Actually, my plastering has been so effective that people have approached me on the basis of FLBs.  On the one hand, they check that I am still running my coaching and change consultancy.  On the other, they want general training as they assume that the FLBs are all I do.  So, there is most definitely a Perception issue here.

Perception Vs Reality

In fact, my company still provides the following:

  • Executive coaching (1:1 and Board level teams)
  • Team turnaround consultancy
  • Leadership mentoring
  • Business consultancy (the “people bit” of running your own show)
  • Presentations and workshops
  • Facilitation of meetings and events
  • Maverick leadership blogs for The Maverick Paradox online magazine

By comparison, however, I simply haven’t been shouting about all of this very much.  As a result, because I have been shouting about FLBs a lot, they have come to be my visibility focus AND my perceived career change!

Visibility Vs Perception – the self-coaching approach

So, using a bit of “physician heal thyself”, what would I say to a client in this pickle?

Well, first I would ask them what they WANT to be known for.

My answer?  “All of it, of course!

In that case, is that what is happening right now?

This time, I would have to answer, “No”.  I am clouding my message because I am focussing too much on only one bit of my offering.

Next, I would ask a client “What does that tell you, about what you need to do next?”

And I would have to answer “It tells me I need to do smarter marketing that explains what I do WHILE publicising FLBs

Evidently, I need to take some action.  So, here it is!  A blog which explains what I do AND mentions FLBs.  It may not set the literary world on fire, but at least it lets you know that I am focusing on getting FLBs launched.  And the reason? Because I believe in them.  I believe that new leaders need and deserve to have the best ethical grounding for their careers, so they can build futures which serve them as well as their employers.  I believe that making strong business connections based on shared experiences makes for a stronger local economy. And I also believe that sharing learning experiences, even while networking over a bacon bap, can create bonds that form the basis of lasting business relationships of quality.

Of course, I also believe in supporting leaders to find the leader within themselves that their teams deserve.  In addition, I believe firmly that helping teams manage themselves and aim for high performance is something every organisation needs.  Add to this my love of profiling and enabling people to work better together, and you have a strong portfolio of services.  I just need to shout about them all a bit more and explain the links between them!

Accordingly, if you would like to know more about any of the topics I have listed here, please get in touch and I would be delighted to explain precisely how and what I do.

Discretion Guaranteed!

Discretion Guaranteed!

“Discretion” is also described as “circumspection” or “the act of being discreet”.  As clear as mud to most of us.  Nevertheless, I am using this old saying and changing it slightly, to make a point in this article.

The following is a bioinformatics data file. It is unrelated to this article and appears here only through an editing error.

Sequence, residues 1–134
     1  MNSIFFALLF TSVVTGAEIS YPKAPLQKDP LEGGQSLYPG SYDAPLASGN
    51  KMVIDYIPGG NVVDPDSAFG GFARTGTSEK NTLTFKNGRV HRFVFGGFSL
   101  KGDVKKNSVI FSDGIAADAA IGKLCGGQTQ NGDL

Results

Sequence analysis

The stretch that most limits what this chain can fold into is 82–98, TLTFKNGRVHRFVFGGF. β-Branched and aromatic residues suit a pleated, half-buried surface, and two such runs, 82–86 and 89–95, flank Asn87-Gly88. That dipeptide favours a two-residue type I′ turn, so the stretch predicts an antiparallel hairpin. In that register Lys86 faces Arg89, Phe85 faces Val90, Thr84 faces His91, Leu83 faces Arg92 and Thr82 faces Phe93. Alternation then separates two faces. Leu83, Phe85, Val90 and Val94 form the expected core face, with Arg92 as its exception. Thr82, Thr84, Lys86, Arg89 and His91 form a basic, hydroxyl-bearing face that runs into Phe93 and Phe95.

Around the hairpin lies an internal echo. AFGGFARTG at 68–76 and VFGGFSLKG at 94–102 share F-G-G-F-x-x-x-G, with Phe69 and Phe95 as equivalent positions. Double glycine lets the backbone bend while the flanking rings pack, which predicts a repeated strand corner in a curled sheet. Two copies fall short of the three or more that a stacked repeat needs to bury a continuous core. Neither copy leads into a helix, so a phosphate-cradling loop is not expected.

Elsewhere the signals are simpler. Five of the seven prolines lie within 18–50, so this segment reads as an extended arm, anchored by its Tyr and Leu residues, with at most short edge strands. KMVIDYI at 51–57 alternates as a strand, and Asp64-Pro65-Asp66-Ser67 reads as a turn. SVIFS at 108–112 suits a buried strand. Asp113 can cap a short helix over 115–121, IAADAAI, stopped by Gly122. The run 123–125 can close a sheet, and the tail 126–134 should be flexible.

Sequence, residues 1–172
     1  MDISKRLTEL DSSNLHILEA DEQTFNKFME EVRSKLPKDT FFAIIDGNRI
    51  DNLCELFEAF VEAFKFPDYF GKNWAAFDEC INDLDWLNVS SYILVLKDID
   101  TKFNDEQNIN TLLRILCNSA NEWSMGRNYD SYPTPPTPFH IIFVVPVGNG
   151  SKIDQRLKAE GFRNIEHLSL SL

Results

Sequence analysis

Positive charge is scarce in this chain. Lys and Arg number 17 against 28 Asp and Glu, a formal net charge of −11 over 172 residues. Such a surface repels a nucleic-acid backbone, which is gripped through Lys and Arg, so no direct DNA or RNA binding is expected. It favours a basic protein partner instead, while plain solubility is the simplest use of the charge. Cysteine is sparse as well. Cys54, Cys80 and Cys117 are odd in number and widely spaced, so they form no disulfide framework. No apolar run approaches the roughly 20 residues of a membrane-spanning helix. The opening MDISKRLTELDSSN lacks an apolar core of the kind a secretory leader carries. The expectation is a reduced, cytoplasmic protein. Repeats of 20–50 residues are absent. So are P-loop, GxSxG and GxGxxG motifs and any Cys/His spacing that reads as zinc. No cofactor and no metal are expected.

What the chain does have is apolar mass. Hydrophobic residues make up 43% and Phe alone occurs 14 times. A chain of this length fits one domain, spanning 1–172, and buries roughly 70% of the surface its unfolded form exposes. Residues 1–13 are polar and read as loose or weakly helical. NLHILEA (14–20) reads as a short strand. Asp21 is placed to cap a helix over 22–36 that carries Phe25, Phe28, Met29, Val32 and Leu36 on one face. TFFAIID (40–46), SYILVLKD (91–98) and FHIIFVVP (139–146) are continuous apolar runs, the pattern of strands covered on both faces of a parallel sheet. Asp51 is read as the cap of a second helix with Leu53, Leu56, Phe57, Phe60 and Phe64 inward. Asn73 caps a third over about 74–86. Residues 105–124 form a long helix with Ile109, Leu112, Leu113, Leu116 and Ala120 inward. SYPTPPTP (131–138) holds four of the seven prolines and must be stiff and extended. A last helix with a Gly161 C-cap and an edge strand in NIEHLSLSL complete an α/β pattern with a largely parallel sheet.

Much of my work is carried out in secret.  100% discretion guaranteed.  Now, I am no MI5 agent.  Nor do I encourage my clients to engage in underhand practices in any way.  What I mean is that lots of my clients do not feel able to admit they are working with an executive coach.  Many of my clients are lawyers and accountants – people to whom others turn for definitive advice.  As I have noted in one of my earlier blogs, there is a widespread misconception “out there” that being coached means you NEED to be coached.  Or, put another way, that you need to be fixed in some way.  It’s a deficit model.

 

No-one can know

What this means in practise is that I often work under “NDAs” – Non-Disclosure Agreements.  As I write, I have two in place covering my work with a financial organisation and an international charity.

This also means that, when I operate my leadership development networking product, the Future Leaders’ Breakfast®  club, I am discreet.  Unless our attendees are happy to be part of the LinkedIn and Facebook groups, or they choose to say they attend, I tend not to tell anyone they do.  It’s not because they have asked me to keep it quiet.  It is simply because I think it is nobody’s business if they do, as the song said.

 

What does discretion guaranteed actually mean?

It’s simple.  The target market for Future Leaders Breakfast® club (FLB®s) is young people who are new to management positions.

Who actually attends?  Lots of young people often trainees or newly-qualified professionals who are starting to have responsibility for other colleagues.

Who else actually attends?  Managers, Associates, Partners, Directors.  We’ve even had Equity Partners and a Chief Executive.  People from public, private and voluntary sectors.  People who all want to network in a fun new way.  Probably, those same people all want to pick up some leadership hints and tips that they had not previously been taught.

And this is the point.  How many people are actually taught how to manage and then to lead, as well as being taught how to be successful lawyers / bankers / surveyors / accountants?  Very few.  This is why we run the FLB®s.  We provide a service which most business leaders daren’t admit they need!

 

What could this mean for YOU?

If you are already leading a team, but not 100% sure that you know what you’re doing, leadership-wise, FLB®s could be for you.  Who’s going to know if you are actually learning something at the same time?

No-one!

No one will know that you are actually learning things you didn’t already know, when you come along.  Like I say, discretion guaranteed.  So, FLB®s are a brilliant way to learn how to be an even better manager, and a better leader – discreetly.  The beauty is that the networking acts as a smokescreen, keeping your lack of management knowledge tightly under wraps.